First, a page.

Patience Cowie’s PhD thesis, conducted with me at Lamont, resulted in three papers, published in 1992, that laid the groundwork for the modern era of fault mechanics studies. In the first paper1 she reasoned that a cohesive zone model provided a plausible model of fault grown provided that the width of the cohesive zone scales linearly with fault length. In that case, the Griffith instability is avoided and faults grow self-similarly in quasistatic equilibrium. This model is consistent with the existence of faults of all sizes in which displacement scales linearly with length and the fault grows by the breakdown of a damage zone at the fault tip. In the second paper2 she showed that the then existing data for fault displacement and length were consistent with linear scaling for faults rupturing rock of similar strength. In the third paper3 she combined the earthquake slip/length scaling law with that fault scaling law to show how faults can grow by the accumulation of slip from earthquakes.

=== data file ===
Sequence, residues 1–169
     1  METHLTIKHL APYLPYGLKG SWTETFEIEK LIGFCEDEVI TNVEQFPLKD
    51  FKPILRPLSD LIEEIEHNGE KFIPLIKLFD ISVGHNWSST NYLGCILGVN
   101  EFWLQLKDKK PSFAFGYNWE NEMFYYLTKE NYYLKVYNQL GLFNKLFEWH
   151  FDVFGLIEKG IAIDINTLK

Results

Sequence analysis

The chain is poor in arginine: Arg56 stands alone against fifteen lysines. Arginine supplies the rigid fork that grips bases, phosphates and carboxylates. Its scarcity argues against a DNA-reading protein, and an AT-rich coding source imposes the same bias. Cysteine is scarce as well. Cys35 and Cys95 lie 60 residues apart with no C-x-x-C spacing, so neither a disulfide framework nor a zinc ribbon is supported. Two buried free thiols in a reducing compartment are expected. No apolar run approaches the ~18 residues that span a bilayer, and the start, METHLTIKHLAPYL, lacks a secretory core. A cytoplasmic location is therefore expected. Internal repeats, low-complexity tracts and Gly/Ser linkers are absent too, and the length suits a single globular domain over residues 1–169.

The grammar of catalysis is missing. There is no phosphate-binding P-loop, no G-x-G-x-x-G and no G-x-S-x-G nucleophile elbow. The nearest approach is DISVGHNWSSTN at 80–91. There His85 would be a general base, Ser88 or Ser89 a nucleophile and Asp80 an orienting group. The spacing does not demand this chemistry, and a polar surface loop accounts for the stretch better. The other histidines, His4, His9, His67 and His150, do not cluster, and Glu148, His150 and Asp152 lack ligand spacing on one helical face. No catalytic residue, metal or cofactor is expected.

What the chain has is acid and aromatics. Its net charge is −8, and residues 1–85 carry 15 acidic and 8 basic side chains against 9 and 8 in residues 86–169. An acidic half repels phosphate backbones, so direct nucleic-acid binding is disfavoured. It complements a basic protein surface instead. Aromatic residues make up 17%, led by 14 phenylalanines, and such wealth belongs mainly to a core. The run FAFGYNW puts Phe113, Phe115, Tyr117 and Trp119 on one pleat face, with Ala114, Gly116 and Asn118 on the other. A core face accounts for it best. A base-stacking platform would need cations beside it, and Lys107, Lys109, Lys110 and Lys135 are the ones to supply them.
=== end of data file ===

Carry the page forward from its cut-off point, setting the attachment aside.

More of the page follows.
In the subsequent thirty years much more work has been done to expand on these themes pioneered by Patience. Here I share some memories of working with Patience in those formative years.
1 Cowie, P. A. & Scholz, C. H. Physical explanation for the displacement-length relationship of faults using a post-yield fracture mechanics model. J. Struct. Geol. 14, 1133-1148 (1992).
2 Cowie, P. A. & Scholz, C. H. Displacement-length scaling relationship for faults: data synthesis and discussion. J. Struct. Geol. 14, 1149-1156 (1992).
3 Cowie, P. A., and Scholz, C.H. Growth of faults by accumulation of seismic slip. J. Geophys. Res. 97(B7), 11085-11095 (1992b).